How To Haggle Like A Dominican
When in Rome do as the Romans do.
When in the Dominican Republic haggle like the Dominicans do.
As a native to California haggling or negotiating, if you prefer the more refined term, didn’t come naturally to me.
For those of us that grew up in developing countries, haggling has become a lost art that has been replaced by supermarket price tags and Amazon store fixed prices.
For Dominicans, haggling is a skill learned as child and is necessary to buy anything from vegetables to motorcycles. It took me about 2 months in the Dominican Republic to realize just about everything is negotiable.
Short story, if you wish to buy anything in the Dominican Republic, but don’t know how to haggle, you are likely to get ripped off. Fortunately, haggling isn’t a difficult skill to learn and with a practice you can become a haggling guru.
Here a 3 haggling tips that I learned during my time in the Dominican Republic that are sure to save you a load money on your vacation.
Figure Out Basic Prices
One of the most popular souvenirs in the Dominican Republic is amber jewelry made from local stones, so we will use that as an example for this article.
Let’s imagine for a second that you wish to buy an amber necklace from a tourist shop. How do you know what it is worth? How do you know if the vendor is ripping you off or not?
It isn’t really that hard, all you need to do is figure out the basic price of amber necklaces. The easiest way of doing this is go to 4 or 5 vendors and see what type of prices they offer.
You’d be surprised how much prices can vary. It is not uncommon to see one vendor literally selling the same item for half the price that another vendor ten feet away is selling it for.
Let’s say you talk to 4 or 5 vendors the high price for an amber necklace is 500 pesos and the lowest is 250 pesos. So now you know 250 pesos is your basic price, you will pay a maximum of 250 pesos on an amber necklace and no more.
A little later on, we will talk about how to use this knowledge to your benefit.
Look for defects or inferior traits in the product
Jewelry made of local stones such as amber or larimar or souvenirs that are hand carved out of local wood, almost always have small imperfections. The amber may be foggy or the carving may have a small nick or crack.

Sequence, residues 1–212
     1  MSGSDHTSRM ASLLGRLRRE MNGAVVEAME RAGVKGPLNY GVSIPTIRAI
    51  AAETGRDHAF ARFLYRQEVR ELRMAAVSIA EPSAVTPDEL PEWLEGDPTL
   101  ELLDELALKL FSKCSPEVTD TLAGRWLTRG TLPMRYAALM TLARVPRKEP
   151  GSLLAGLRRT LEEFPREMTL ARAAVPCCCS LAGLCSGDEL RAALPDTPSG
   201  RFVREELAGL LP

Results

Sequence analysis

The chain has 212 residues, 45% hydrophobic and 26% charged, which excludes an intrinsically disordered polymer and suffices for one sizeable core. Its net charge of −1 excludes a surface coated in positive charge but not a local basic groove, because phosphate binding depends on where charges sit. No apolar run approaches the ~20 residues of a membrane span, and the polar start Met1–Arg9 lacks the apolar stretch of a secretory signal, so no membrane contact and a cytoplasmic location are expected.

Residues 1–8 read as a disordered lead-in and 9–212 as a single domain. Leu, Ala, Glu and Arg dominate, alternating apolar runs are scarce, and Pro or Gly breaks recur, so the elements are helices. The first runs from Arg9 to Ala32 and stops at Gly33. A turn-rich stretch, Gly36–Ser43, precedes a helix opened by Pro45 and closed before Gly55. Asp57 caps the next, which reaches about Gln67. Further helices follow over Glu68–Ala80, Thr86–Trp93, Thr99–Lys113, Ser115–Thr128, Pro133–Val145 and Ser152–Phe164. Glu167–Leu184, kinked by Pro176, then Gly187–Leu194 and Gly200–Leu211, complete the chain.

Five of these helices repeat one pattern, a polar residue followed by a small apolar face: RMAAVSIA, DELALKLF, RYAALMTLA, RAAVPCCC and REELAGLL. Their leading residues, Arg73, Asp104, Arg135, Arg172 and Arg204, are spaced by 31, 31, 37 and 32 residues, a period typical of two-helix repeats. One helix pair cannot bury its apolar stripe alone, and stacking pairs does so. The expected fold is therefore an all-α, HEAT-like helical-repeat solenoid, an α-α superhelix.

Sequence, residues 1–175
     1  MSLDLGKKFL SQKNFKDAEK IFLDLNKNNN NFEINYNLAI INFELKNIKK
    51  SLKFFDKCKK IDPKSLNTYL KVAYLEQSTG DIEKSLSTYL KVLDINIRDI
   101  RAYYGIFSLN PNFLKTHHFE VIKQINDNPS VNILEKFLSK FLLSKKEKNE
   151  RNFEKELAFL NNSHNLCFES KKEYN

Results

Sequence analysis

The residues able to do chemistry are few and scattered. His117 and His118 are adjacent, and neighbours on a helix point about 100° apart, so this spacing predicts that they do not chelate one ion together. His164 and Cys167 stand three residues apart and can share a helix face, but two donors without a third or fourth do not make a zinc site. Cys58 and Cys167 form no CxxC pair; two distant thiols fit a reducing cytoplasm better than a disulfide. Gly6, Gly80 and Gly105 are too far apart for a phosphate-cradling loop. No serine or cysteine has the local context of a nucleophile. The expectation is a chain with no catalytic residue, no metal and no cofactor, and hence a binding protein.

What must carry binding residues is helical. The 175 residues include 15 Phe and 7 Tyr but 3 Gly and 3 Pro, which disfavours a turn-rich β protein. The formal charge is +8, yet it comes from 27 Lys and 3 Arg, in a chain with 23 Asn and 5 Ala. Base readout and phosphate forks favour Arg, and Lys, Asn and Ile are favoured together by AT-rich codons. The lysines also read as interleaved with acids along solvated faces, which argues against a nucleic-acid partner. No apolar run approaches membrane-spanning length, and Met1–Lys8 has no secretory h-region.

Most of us don’t mind those little imperfections, they give these handmade trinkets personality and character, but we don’t let the vendor know that. Imperfections are powerful tools to get a little bit better price.
For example, when looking at the amber necklace, you might hum and hall a little bit and tell the vendor, “I don’t know if I want it, the amber is a little foggy.”
You are almost guaranteed to get a price drop after pointing out the defect.
You already have 250 pesos as your basic price for an amber necklace, now you get to use that knowledge. 9 times out of 10 the vendor that gives you the lowest price will not have the item you really like.
Maybe one vendor will sell you the amber necklace 250 pesos, but another vendor has the perfect necklace and he wants 400 pesos.
Now we can take tip #2 and add in tip #3.
Go to the vendor with the necklace you like and say something like this: “I don’t know if I want that necklace, that guy over there said he would sell me an amber necklace 250 pesos and it wasn’t as foggy as this one.”
The thought of you buying a better version of the item somewhere else, 95% of the time will make the vendor cut the price down to at least 250 pesos and many times will get them to drop to 225 or 200 to undercut the price of the other vendor and get the sale.
Amber necklaces are common souvenirs in the Dominican Republic, so we used it as an example, but this same process works for just about any item you would like to by.
Practice these haggling tips and you will be haggling guru saving tons of money before you know it.